Is ‘no fault’ divorce the answer to outdated divorce laws? Jeremy Ford gives his view on the Owens vs Owens case

The Supreme Court is today hearing the case of Owens in what is the case of a generation.

It concerns a disputed divorce between Tini Owens and her husband Hugh Owens. They married in 1978 and separated in February 2015. Ms Owens filed her petition for divorce in May 2015 and is still not able to divorce her husband.

It is worth noting that the only ground for filing a divorce petition is that your marriage has irretrievably broken down.

The court will not be able to find that a marriage has irretrievably broken down unless it is satisfied that:

  1. the respondent has committed adultery and the petitioner finds it intolerable to live with the respondent;
  2. the respondent has behaved in such a way that the petitioner cannot reasonably be expected to live with the respondent;
  3. the respondent has deserted the petitioner for a continuous period of at least two years immediately preceding the presentation of the petition;
  4. the parties to the marriage have lived apart for a continuous period of at least two years immediately preceding the presentation of the petition (hereafter in this Act referred to as “two years’ separation”) and the respondent consents to a decree being granted;
  5. the parties to the marriage have lived apart for a continuous period of at least five years immediately preceding the presentation of the petition (hereafter in this Act referred to as “five years’ separation”).

Ms Owen’s petition was based on her husband’s behaviour, which she argued meant she could not reasonably be expected to live with him within the meaning of s 1(2)(b) Matrimonial Causes Act 1973. She gave particulars of incidents, which included occasions where her husband was alleged to have made disparaging or hurtful remarks to her in front of third parties. Mr Owens defended the case and argued at the trial that the examples given of his behaviour were not such as to satisfy the requirements of s 1(2)(b). The judge agreed and dismissed the petition, thus locking them into their marriage – their marriage has undoubtedly as a matter of fact irretrievably broken down but not in the eyes of the law. Ms Owens appealed unsuccessfully to the Court of Appeal and now to the Supreme Court. Most lawyers agree that marriage breakdown is difficult enough without having to cite reasons for the breakdown which only serves to increase hostility. There is a great movement amongst family lawyers who are campaigning for a no-fault divorce system. It is perhaps best said by Stephen Lyon, a barrister at 4 Paper Buildings, who appeared in The Times quote of the day, “It’s a fact of life that couples fall out of love and relationships break down. Having to scan back through a marriage and find examples of bad behaviour can exacerbate the divorce and turn an already hard time int a much more fraught one. It’s time our courts recognised that and hauled divorce law into the 21st century.”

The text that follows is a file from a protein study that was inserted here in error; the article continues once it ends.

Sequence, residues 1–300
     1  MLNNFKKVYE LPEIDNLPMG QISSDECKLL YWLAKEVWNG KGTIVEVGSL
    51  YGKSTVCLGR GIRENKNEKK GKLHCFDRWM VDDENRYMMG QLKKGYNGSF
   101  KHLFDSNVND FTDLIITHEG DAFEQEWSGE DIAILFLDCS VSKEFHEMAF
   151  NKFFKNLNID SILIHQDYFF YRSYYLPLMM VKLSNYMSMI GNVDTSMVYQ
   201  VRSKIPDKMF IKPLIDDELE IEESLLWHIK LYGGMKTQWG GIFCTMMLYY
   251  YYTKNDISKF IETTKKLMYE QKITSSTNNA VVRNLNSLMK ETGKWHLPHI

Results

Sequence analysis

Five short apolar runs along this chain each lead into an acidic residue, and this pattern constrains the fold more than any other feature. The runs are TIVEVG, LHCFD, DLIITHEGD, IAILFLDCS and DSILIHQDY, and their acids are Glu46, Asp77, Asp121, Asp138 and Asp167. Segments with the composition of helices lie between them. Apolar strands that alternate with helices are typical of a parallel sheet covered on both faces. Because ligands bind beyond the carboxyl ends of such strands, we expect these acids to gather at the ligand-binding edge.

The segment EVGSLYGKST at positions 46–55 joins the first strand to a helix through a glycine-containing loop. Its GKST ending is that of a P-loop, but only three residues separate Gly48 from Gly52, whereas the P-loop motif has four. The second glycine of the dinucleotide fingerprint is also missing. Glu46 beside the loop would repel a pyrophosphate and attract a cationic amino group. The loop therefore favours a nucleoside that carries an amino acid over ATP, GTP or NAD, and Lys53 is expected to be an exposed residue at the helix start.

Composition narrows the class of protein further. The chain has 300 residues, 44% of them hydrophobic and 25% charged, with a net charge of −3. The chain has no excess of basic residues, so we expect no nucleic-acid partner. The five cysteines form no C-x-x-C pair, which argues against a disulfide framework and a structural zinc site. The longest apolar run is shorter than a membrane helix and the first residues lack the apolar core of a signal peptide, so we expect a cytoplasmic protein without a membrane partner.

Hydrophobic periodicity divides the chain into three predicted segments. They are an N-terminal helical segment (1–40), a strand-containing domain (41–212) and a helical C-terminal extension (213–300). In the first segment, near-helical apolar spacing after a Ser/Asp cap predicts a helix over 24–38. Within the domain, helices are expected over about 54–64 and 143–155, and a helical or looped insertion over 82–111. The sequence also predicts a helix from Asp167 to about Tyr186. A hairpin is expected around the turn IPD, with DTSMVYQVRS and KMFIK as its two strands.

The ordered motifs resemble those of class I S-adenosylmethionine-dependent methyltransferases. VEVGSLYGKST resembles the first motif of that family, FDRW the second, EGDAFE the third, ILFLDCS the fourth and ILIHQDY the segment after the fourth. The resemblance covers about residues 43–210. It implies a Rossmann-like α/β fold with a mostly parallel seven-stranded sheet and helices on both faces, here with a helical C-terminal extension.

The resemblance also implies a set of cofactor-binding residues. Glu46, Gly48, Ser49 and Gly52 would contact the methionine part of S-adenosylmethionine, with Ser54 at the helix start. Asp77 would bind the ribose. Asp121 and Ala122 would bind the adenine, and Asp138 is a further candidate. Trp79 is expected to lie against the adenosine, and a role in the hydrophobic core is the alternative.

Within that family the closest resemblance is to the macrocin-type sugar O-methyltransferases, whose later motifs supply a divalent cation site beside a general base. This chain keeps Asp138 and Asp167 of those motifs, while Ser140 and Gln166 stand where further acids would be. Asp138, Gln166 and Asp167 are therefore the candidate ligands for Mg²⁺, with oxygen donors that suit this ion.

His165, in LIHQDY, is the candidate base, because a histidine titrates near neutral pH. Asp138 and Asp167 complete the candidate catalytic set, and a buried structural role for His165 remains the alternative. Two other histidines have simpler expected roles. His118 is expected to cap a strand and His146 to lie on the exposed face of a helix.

So the Supreme Court will be deciding upon whether Mrs Owens can have her divorce ie. has Mr Owens behaved in such a way that she cannot reasonably be expected to live with him. What it cannot do is override the statute, that is a matter for government, who will no doubt have to look at this outdated aspect of the law when, it is hoped, the Supreme Court will say that an Act passed in 1973 is not in keeping with modern society in 2018.

Jeremy Ford
Jeremy Ford
Consultant Solicitor-Advocate, Setfords Solicitors

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